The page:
Seagate this week signed an agreement with Showa Denko in a bid to secure a second source of platters for its hard drives based on heat assisted magnetic recording (HAMR) technology. Under the terms of the deal, Seagate will evaluate SDK's existing materials for HAMR media and the two companies will jointly develop future materials. 

Seagate started to ship its Exos HDDs featuring HAMR inside its Lyve storage systems late last year. These hard drives use key components, such as recording heads with a near field transducer that heats up the media as well as glass platters with an FePt magnetic layer, developed and made entirely in-house. Being a vertically integrated company, Seagate has enough production capacities to continue building platters for HAMR drives internally, but having a second source for a crucially important component makes a lot of sense for high-volume products. 

Having spent over 10 years on HAMR pathfinding and research, Showa Denko formally began to develop its glass platters for HAMR HDDs in February, 2020. Back then, the company said that HAMR would achieve areal density of 5-6 Tb/in2 in the future, enabling 3.5-inch hard drives with eight or nine platters to store 70 TB – 80 TB of data. 

By now, Showa Denko has finished development of its first HAMR media material featuring a FePt magnetic alloy and technology to mass-produce hard drive platters. Under the terms of the agreement between SDK and Seagate, the hard drive maker will evaluate the material designed by the Japanese company. Going forward, Seagate and SDK will jointly develop new magnetic alloys for HAMR HDDs.

For now, Seagate will continue using its own FePt glass media inside its HAMR HDDs, but if it finds Showa Denko's HAMR media good enough, it might use it for future hard drives.

The contract between Seagate and Showa Denko ensures that the hard drive maker will have two sources of HAMR platters in the future, which will be important if Seagate significantly expands usage of its HAMR technology. In fact, once HAMR media hits certain areal density (i.e., significantly higher than PMR's 1.14 Tb/inch2), it will make a great sense to adopt the technology nor only for highest-capacity HDDs, but also for midrange HDDs to cut down their costs.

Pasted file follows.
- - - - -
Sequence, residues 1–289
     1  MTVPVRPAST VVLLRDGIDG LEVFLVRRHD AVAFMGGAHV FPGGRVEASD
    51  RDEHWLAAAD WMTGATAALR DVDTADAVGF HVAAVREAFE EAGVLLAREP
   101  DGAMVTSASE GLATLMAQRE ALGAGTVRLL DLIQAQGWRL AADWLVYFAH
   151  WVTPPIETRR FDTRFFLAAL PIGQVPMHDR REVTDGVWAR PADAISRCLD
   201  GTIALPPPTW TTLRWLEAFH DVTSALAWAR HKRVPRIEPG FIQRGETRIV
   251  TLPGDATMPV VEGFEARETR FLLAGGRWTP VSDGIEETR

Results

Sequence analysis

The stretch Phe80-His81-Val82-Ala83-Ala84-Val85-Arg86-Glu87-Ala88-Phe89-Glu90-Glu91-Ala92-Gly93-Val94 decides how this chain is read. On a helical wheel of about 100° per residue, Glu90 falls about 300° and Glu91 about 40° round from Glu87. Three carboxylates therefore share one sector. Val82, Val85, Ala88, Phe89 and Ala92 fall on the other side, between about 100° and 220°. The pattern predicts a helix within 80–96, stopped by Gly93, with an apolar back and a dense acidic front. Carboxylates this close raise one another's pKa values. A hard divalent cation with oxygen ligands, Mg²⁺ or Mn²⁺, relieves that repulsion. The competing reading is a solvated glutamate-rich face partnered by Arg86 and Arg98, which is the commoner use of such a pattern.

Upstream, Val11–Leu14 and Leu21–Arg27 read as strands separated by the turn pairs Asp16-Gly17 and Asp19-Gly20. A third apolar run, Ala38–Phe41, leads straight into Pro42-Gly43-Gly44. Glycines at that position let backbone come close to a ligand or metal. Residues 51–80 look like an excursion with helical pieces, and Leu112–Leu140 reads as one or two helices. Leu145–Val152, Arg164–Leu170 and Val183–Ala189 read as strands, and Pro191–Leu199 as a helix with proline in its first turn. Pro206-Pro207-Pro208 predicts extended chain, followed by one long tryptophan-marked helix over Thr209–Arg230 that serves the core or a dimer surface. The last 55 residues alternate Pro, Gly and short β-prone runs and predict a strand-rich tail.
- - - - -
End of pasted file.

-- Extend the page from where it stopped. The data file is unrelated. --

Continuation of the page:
"[HAMR] is not only about the highest capacity point," said David Mosley, CEO of Seagate, at a conference last year. "If we can save a disk and two heads in a 16 TB drive, we will look at doing that as well. So, it is really across the whole portfolio, which is why we think that this platform play is so important. We can introduce HAMR into the same platform. The cost increases are really nominal."

Furthermore, Seagate will also ensure that SDK-made HAMR platters will be compatible with its HAMR implementation, which might become the company's competitive advantage against Toshiba and Western Digital once they adopt this technology.

"We expect this alliance will further accelerate technological development pioneered by the two companies," a statement by Showa Denko reads.

For Showa Denko, the world's largest independent maker of HDD platters, it is important to maintain close relationship with all makers of hard drives. Nowadays the bulk of SDK's shipments are platters designed for PMR and SMR HDDs, but it is also ramping up production of media for Toshiba's MAMR-based drives. The pact with Seagate ensures that Showa Denko will also be a part of upcoming HAMR HDDs.